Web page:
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  4. Ben, this is interesting;

    "Grant thinks that Jesus thought that the Jews, or at least the elect of the Jews, would be liberated from oppression, the unjust Gentiles would be punished, and God would rule on earth in some powerful form. Grant speculates that Jesus went knowingly to his death to further the imminent apocalypse and the coming of the Kingdom."

    I would put forth this: that what Grant is saying was indeed Jesus' motivation. A spiritual kingdom was established. Luke 17:20-21 "The kingdom of God cometh not with observation: neither shall they say, Lo here! or, lo there! for, behold, the kingdom of God is within you." The second chapter of Ephesians also speaks of this.

    I did a quick search for 'kingdom of God is within you' and up came references to Tolstoy on Christian anarchism.

    Oy, so much to read and so little time :-/

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  5. Hope you are feeling better, Free!

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  6. We have been worried about our laptop and even burned out our cd burner trying to copy files so as not to lose them. I keep hearing about things to motivate me to continue the process... Now I just need to do it :p So sorry Free, hope everyone feels better soon, and things work out well in the end.

    Im so often confused as to why "new found historal artifacts" and "other opinions/theories" of history are so often met with an uproar from Christians. I dont understand why so many seem to interpret so much as a threat. Evolution, Jesus' marital status, thoughts of revelations timeline etc. For me, it doesnt really change anything for me today. Im still here, I still have choices to make, I still have to decide what to believe... I can still only do what I can do... Jesus' message is still the same for me. Its fascinating, but not faith altering. Strange for me.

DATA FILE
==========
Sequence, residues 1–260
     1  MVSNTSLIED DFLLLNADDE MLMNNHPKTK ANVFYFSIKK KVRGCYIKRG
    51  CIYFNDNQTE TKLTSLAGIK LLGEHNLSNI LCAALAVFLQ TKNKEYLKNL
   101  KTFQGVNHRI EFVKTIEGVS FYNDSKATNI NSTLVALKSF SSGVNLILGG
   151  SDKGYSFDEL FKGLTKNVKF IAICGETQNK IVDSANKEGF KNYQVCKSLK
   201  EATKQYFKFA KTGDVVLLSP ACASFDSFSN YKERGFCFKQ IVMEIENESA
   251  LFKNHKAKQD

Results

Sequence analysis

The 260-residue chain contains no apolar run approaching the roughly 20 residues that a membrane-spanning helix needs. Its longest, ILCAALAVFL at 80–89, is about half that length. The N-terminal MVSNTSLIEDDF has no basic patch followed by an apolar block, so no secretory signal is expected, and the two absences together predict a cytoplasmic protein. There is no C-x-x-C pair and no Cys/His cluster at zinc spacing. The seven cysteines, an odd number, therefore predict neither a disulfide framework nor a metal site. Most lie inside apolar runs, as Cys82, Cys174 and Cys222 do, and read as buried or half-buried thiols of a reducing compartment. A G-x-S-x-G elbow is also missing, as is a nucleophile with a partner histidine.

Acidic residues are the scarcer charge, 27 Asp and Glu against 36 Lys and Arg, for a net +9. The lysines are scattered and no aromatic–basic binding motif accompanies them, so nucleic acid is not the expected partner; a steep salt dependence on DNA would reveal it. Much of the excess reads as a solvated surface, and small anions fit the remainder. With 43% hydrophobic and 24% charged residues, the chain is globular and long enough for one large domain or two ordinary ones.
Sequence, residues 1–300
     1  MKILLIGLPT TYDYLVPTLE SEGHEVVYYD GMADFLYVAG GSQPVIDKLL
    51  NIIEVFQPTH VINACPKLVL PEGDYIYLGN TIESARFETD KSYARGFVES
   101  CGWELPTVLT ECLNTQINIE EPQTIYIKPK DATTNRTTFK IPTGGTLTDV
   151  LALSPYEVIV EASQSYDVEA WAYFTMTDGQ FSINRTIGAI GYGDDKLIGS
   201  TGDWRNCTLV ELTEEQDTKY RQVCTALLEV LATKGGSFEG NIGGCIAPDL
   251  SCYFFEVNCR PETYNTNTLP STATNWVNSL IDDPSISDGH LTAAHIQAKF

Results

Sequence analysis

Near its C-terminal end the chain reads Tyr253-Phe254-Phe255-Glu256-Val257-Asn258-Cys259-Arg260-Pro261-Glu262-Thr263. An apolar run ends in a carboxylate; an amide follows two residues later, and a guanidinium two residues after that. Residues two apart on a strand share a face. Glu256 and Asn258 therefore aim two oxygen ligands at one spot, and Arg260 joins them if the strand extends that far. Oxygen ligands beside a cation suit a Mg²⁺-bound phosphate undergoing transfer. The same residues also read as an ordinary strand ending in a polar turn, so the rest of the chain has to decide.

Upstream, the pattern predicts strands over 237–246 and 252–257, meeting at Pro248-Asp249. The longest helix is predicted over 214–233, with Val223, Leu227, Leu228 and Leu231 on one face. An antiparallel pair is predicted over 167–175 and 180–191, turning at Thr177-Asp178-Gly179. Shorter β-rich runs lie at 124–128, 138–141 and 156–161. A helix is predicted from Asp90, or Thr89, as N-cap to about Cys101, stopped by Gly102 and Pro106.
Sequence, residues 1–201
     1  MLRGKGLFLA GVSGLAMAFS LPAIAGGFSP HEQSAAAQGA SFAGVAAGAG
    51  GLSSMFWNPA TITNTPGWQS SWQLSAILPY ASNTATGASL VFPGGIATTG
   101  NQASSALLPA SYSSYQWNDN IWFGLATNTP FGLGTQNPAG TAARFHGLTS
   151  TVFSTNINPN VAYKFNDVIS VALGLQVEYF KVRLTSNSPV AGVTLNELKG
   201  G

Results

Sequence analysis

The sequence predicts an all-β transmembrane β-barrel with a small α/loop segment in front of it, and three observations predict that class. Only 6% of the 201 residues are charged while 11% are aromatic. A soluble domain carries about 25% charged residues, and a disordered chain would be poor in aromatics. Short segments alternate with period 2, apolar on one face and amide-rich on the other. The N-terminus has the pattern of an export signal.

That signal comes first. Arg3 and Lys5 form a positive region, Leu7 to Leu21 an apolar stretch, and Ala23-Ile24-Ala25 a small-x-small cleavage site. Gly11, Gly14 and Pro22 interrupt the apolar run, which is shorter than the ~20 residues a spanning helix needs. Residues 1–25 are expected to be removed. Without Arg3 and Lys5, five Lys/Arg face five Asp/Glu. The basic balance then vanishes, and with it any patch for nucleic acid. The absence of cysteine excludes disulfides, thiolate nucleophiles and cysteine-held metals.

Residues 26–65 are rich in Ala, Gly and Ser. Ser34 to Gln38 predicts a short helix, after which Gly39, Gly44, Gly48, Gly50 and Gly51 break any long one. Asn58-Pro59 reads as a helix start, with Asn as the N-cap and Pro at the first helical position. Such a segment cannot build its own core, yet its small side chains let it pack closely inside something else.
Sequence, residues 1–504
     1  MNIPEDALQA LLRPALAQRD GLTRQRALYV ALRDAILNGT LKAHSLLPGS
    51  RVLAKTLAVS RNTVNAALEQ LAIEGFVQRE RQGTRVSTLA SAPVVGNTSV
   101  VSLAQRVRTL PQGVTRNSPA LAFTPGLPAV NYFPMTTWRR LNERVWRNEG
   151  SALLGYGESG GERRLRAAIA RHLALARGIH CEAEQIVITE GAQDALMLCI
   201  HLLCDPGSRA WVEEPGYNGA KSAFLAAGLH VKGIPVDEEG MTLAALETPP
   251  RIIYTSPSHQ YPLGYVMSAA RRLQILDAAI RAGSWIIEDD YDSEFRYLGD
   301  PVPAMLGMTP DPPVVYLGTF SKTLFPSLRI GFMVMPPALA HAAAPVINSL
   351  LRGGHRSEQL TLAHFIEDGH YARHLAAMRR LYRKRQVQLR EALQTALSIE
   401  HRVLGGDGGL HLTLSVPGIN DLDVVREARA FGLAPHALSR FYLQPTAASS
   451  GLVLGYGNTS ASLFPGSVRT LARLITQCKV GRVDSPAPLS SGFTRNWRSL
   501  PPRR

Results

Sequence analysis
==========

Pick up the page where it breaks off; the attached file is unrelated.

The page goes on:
"In most Evangelical churches, the phrase is believed to be Jesus's announcement of the wholly spiritual kingdom to be innaugurated shortly after his defeat of Satan and propitiation of the wrath of God against human sin in his death on the cross. Yet the whole creation still awaits its liberation from its bondage to decay, as Paul some time later revealed (see "The Epistle to the Romans").

    Kind of reminds me of a topic from another thread: Jesus did his job, but many of are still trying to do the same job for him... I will definately have to read study; any suggestions on where to start looking for it?

    Thanks

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  7. sorry, how does it do that? Im probably impatiantly hitting the post button twice...

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  8. We have been worried about our laptop and even burned out our cd burner trying to copy files so as not to lose them. I keep hearing about things to motivate me to continue the process... Now I just need to do it :p So sorry Free, hope everyone feels better soon, and things work out well in the end.

    Im so often confused as to why "new found historal artifacts" and "other opinions/theories" of history are so often met with an uproar from Christians. I dont understand why so many seem to interpret so much as a threat. Evolution, Jesus' marital status, thoughts of revelations timeline etc. For me, it doesnt really change anything for me today. Im still here, I still have choices to make, I still have to decide what to believe... I can still only do what I can do... Jesus' message is still the same for me. Its fascinating, but not faith altering. Strange for me.

    "In most Evangelical churches, the phrase is believed to be Jesus's announcement of the wholly spiritual kingdom to be innaugurated shortly after his defeat of Satan and propitiation of the wrath of God against human sin in his death on the cross. Yet the whole creation still awaits its liberation from its bondage to decay, as Paul some time later revealed (see "The Epistle to the Romans").